Host Jake Tapper did a special web fact-check for CNN.com where he looked line-by-line into Rep. Jim Jordan's (R-OH) claims about the impeachment proceedings.
He had four specific talking points that were disingenuous and outright false.
1. Jordan: "There was no quid pro quo in the transcript"
There absolutely was evidence in the summary of the transcript. Tapper began by explaining that Americans still haven't seen the full transcript or a recording of the July 25 phone call between President Donald Trump and Ukraine President Volodymyr Zelensky.
"If you read the summary of the transcript it clearly shows that after a discussion of U.S. military support for Ukraine, President Trump said the relationship is not 'reciprocal' and he asks Zelensky for 'a favor,'" Tapper said. "The favor? To investigate a conspiracy theory into the 2016 election and later in the call he says, 'one other thing,' he wants Ukraine to investigate former Vice President Joe Biden and his son Hunter."
Tapper noted that at the same time Democrats are alleging that Trump's team was running a pressure campaign is about far more than the single phone call on July 25. According to testimony, Ukraine knew as far back as May that their aid was being held up.
2. Jordan: The two guys on the call said, no pressure, no quid pro quo
Tapper explained that it isn't entirely believable that Zelensky would say that there was no extortion when he's the one being extorted and is so dependent on the military aid the United States agreed to deliver.
"Jordan's focus on what those two leaders are willing to say publicly ignores all of the other individuals who listened to that call and expressed concern privately," Tapper said.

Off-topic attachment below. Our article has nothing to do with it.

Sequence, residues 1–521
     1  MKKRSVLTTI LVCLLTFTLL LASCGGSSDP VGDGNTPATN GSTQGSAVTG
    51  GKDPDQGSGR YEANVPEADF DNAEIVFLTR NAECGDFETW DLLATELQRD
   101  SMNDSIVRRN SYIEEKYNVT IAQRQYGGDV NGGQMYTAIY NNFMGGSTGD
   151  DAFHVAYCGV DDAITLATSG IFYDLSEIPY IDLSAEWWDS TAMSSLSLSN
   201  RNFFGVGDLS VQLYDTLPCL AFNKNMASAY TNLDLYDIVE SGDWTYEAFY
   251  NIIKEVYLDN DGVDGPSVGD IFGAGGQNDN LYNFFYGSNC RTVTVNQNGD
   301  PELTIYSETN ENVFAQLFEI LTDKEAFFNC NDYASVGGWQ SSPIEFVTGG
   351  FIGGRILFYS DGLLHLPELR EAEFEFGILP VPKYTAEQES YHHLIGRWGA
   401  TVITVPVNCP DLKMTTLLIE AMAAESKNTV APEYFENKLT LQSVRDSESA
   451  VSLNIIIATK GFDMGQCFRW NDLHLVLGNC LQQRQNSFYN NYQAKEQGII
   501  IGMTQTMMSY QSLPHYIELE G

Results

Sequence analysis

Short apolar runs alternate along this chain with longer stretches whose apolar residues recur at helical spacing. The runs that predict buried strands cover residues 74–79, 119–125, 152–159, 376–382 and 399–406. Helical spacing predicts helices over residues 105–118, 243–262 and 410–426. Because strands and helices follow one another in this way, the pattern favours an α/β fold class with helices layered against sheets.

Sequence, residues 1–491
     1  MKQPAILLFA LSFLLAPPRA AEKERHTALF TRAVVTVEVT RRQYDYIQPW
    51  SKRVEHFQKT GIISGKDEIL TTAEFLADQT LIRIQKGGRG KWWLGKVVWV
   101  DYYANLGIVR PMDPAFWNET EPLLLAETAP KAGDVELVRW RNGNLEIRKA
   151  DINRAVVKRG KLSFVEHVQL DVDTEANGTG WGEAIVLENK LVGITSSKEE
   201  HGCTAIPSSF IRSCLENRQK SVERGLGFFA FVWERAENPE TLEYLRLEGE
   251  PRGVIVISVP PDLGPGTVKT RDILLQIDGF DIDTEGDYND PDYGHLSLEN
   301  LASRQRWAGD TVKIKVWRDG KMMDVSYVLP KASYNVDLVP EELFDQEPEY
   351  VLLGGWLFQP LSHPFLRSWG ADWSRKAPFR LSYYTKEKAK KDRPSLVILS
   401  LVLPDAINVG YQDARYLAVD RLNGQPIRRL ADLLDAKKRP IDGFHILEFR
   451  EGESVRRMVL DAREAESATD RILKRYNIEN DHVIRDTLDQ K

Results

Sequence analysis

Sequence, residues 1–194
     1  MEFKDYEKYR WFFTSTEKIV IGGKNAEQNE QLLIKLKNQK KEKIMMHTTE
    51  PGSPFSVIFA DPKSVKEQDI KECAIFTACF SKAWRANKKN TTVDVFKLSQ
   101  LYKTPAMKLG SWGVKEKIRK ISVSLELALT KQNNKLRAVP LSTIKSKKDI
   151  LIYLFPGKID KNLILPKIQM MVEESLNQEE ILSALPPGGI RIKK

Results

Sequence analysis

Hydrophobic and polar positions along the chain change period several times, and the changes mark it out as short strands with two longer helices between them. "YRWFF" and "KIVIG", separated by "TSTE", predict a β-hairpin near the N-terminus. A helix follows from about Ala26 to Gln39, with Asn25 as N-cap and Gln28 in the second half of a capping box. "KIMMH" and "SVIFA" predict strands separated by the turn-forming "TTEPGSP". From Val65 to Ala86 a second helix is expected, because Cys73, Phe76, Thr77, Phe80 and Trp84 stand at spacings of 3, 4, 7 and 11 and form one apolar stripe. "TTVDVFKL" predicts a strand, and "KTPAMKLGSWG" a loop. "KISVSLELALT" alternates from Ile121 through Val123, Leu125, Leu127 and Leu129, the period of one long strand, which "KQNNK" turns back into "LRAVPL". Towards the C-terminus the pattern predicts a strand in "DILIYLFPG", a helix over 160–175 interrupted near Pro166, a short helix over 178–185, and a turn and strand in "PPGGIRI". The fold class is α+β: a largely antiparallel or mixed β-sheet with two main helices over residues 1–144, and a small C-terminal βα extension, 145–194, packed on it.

3. Jordan: The Ukrainians didn't know at the time of the call that the aid was being held up
The claim is outright false. According to one Ukraine official, the government knew as far back as May that their aid was being held up. Tapper explained that Laura Cooper, the former Deputy Assistant Secretary of Defense for Russian, Ukrainian, and Eurasian affairs, testified that someone in her office got a question from a Ukraine contact about what the hold up was with the aid on the day of the call.
4. Jordan: Ukraine never started or announced it would start an investigation while the aid was paused.
That's another example of Jordan parsing his words. CNN international reporter Fareed Zakaria was contacted by Zelensky's team for an interview where it was known "corruption" would be discussed. It was there that Zelensky was going to officially announce the investigation into what Trump demanded.
"In addition to the various communications going on behind the scenes that we've heard about in testimony and we've seen evidence of in text messages, President Zelensky told President Trump in that July 25 phone call 'The next prosecutor general will be 100 percent my person, my candidate, who will be approved by the parliament and will start as a new prosecutor in September. He or she will look into the situation, specifically to the company that you mentioned in this issue.'"
You can see Tapper's full take in the video below: